Vondjidis v. Hewlett Packard Corp., 168 Cal. App. 4th 921 (2008)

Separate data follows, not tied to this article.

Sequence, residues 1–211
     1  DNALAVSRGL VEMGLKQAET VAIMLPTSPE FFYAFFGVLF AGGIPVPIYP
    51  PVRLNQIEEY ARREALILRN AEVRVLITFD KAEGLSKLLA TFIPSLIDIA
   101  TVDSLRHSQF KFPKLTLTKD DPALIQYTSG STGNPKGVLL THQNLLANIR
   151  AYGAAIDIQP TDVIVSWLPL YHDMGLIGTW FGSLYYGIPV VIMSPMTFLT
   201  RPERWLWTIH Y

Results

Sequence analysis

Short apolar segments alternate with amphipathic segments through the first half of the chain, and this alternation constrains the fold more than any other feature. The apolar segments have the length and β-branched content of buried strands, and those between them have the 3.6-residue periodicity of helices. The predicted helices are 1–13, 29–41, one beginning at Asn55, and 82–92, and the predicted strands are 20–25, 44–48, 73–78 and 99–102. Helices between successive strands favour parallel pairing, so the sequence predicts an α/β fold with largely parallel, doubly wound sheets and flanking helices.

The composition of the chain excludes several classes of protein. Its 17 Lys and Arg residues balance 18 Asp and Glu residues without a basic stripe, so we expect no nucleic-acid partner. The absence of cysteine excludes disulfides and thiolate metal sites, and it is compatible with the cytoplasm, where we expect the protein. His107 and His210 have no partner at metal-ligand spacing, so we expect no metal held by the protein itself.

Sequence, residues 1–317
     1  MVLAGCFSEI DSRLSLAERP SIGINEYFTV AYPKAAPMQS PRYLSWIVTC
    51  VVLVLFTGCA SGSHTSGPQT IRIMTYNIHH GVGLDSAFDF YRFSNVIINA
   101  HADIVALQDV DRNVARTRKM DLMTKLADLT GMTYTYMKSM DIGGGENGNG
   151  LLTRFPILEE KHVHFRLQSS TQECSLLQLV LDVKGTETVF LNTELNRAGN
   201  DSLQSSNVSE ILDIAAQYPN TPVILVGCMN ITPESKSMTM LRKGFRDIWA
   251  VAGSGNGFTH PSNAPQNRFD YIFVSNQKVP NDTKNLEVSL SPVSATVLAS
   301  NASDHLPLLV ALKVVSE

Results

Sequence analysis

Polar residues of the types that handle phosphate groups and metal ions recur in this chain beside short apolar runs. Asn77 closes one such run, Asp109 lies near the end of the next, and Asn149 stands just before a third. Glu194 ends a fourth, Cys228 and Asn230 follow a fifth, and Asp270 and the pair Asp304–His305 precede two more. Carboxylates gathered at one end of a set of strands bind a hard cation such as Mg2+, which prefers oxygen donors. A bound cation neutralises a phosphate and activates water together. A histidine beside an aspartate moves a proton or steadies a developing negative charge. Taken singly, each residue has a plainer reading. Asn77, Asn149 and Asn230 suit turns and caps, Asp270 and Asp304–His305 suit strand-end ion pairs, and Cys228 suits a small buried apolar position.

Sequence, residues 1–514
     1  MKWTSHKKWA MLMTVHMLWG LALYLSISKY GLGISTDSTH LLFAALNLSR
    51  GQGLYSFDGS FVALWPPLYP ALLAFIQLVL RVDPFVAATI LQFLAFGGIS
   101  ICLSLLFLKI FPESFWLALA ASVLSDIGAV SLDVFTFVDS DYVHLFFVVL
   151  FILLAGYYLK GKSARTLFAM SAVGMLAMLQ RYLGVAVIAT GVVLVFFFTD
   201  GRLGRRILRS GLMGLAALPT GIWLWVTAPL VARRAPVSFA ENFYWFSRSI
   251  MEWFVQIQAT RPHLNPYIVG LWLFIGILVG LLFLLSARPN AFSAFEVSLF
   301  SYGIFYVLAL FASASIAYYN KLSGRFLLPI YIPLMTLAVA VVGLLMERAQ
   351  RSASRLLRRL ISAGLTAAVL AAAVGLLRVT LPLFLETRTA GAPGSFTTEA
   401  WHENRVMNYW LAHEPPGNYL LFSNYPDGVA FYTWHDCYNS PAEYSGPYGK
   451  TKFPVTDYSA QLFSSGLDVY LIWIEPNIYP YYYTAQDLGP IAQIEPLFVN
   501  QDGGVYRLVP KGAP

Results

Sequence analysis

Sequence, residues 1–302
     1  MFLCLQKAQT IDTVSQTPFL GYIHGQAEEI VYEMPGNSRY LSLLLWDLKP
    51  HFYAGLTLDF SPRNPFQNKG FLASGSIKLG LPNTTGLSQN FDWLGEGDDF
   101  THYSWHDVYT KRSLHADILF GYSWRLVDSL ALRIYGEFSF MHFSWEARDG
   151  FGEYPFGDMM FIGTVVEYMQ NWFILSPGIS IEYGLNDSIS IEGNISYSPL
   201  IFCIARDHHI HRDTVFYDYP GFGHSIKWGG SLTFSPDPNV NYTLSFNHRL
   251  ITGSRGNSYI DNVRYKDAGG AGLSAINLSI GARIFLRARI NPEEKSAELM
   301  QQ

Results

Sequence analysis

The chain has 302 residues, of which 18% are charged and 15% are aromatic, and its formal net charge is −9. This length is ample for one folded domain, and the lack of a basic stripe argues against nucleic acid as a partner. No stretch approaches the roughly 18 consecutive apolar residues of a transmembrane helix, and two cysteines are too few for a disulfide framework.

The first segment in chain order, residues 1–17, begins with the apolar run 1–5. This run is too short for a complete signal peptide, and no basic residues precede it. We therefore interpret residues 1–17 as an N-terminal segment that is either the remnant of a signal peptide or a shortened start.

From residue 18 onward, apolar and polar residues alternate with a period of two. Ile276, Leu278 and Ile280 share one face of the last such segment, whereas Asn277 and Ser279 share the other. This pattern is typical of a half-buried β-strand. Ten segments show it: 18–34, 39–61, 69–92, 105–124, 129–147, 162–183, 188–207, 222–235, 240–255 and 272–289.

Alexander Vondjidis was employed by Hewlett Packard at HP’s Athens, Greece office in the 1970s. He purchased shares through HP’s employee stock purchase plan and left HP in 1978. Although HP was aware of Vondjidis’s home address in Athens (the address was listed in HP’s personnel records), HP listed its Athens office (which closed in 1982) as Vondjidis’s shareholder address of record. In 1993, HP transferred Vondjidis’s shares to the State of California as unclaimed property. When Vondjidis learned of the transfer in 2001, he sued HP for breach of contract, negligence, breach of fiduciary duty, conversion and fraud. HP obtained summary judgment on the ground that it was immune from liability under California’s unclaimed property statute. The Court of Appeal reversed the summary judgment, holding that HP was not entitled to immunity because HP knew of the owner’s location (which had not changed since he left HP) and despite that knowledge transferred the shares to the state. The Court also held that HP was not entitled to summary judgment based on the applicable statute of limitations.